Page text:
Gutierrez’ remarks underscored the divide that remains in the Republican Party between those who embrace free trade and immigration as crucial cogs in the county’s economic wheel and those supporting Trump, who ascended to the presidency on the strength of pledges to rip up trade deals and build a border wall between the U.S. and Mexico.
Gutierrez served in George W. Bush’s administration, but he endorsed Hillary Clinton during the campaign, saying Trump’s economic policies would be “a disaster.”
He did not offer such a stark assessment on Monday.
“I did not come to Palm Beach County to pick a political fight,” he told Forum Club members at the Kravis Center.
Still, Gutierrez outlined a vision that, before Trump, was standard fare for many Republicans.
On immigration, Gutierrez said the path forward should be one that allows foreign workers to do jobs Americans have not rushed to fill.
“There is such a thing as jobs Americans won’t do,” he said, arguing that, for him, “immigration is an economic issue.”
The current immigration system is outdated, he said.
“We have laws that don’t work,” Gutierrez said. “We have laws that go back to the ’40s and ’50s. Until we fix that, we will have dysfunction.”
Trump opened his presidential campaign by saying Mexico was sending rapists and drug mules into the U.S. He called for the construction of a wall between the U.S. and Mexico, which he has promised to have pay for it.
Democrats and some Republicans, including Senate Majority Leader Mitch McConnell, have scoffed at the notion that Mexico will pay for the wall.
Gutierrez said talk of a wall oversimplifies a problem that has many facets.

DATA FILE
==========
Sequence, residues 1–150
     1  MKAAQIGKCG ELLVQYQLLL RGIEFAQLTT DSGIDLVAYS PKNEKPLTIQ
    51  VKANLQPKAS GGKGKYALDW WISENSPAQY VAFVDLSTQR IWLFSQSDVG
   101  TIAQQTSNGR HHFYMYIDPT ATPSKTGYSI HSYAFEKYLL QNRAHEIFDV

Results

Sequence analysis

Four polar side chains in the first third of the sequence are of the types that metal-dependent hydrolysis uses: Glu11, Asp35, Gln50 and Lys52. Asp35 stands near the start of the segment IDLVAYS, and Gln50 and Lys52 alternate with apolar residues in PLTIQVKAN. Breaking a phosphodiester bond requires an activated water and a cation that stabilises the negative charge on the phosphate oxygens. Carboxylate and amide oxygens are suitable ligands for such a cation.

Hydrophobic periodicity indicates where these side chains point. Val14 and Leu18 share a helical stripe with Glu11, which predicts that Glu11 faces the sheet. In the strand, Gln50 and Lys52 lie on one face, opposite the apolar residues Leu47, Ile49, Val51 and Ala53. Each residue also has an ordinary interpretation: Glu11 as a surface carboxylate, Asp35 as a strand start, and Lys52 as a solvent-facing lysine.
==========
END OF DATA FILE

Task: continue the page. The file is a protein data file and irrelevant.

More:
“We talk about a border wall as if it’s the solution for immigration,” he said. “At the end of the day, this is an economic issue. The problem is we love soundbites. We love headlines. We love slogans.”
The former Commerce secretary also broke with Trump on the issue of free trade.
Spurning decades of Republican orthodoxy, Trump has said the North American Free Trade agreement between the U.S., Mexico and Canada is a bad deal for the U.S. He has vowed to renegotiate it, and he has already signed an executive order rescinding presidential support for the Trans-Pacific Partnership, a trade deal with Asian nations.
Poorly negotiated trade deals have cost Americans jobs, Trump has argued. That argument boosted his fortunes in western Pennsylvania, Ohio, Wisconsin and Michigan, where many blue collar workers blame the loss of their jobs on trade deals that made it easier for companies to move plants out of the country.
Gutierrez, however, said those job losses weren’t tied to trade deals or the rise of China, a frequent Trump foil.
“I don’t think the biggest risk to jobs is NAFTA,” Gutierrez said. “I don’t think the biggest risk to jobs in China.”
Gutierrez said technology and automation are the reasons some blue collar workers have lost jobs.
Trump has promised to keep factories in the U.S. and lure back others that have left. Without mentioning Trump by name, Gutierrez made clear he didn’t have much use for that promise, either.
“We’re sounding like it’s the 1980s,” he said. “‘Let’s get that factory back here.’”
Trump has pledged to keep the U.S. out of the TPP, a stance Gutierrez said threatens the prospects of American firms that could do business in Asia.
“Our companies won’t have entry into Asia unless they build a plant there,” he said. “China is moving in. We can’t just cede this territory. Our companies need the business.”
Gutierrez agreed with Trump on the need to upgrade the country’s airports and sea ports. Trump has pledged to launch a $1 trillion effort to upgrade roads, bridges, airports and sea ports.
“We’ve definitely fallen behind,” Gutierrez said.
On Cuba, the former Commerce secretary and Trump again are on opposite sides of the debate.
President Barack Obama moved to normalize relations with Cuba and reopened the U.S. embassy in Havana.
Trump took to Twitter to note that the Obama-era opening might not stand during his presidency.
“If Cuba is unwilling to make a better deal for the Cuban people, the Cuban/American people and the U.S. as a whole, I will terminate deal,” he tweeted in November.
Gutierrez, a Cuban native who was brought to the U.S. when his parents left the island in 1960, said he was initially skeptical about Obama’s efforts in Cuba. But he returned to Cuba for the first time when the U.S. reopened its embassy there in August 2015.
He has returned 14 times since then, he said.
“They’re opening up their economy,” Gutierrez said. “Cuba is changing, and we need to change with it. Let’s let the change happen gradually. Let it happen at their pace, and let it happen peacefully.”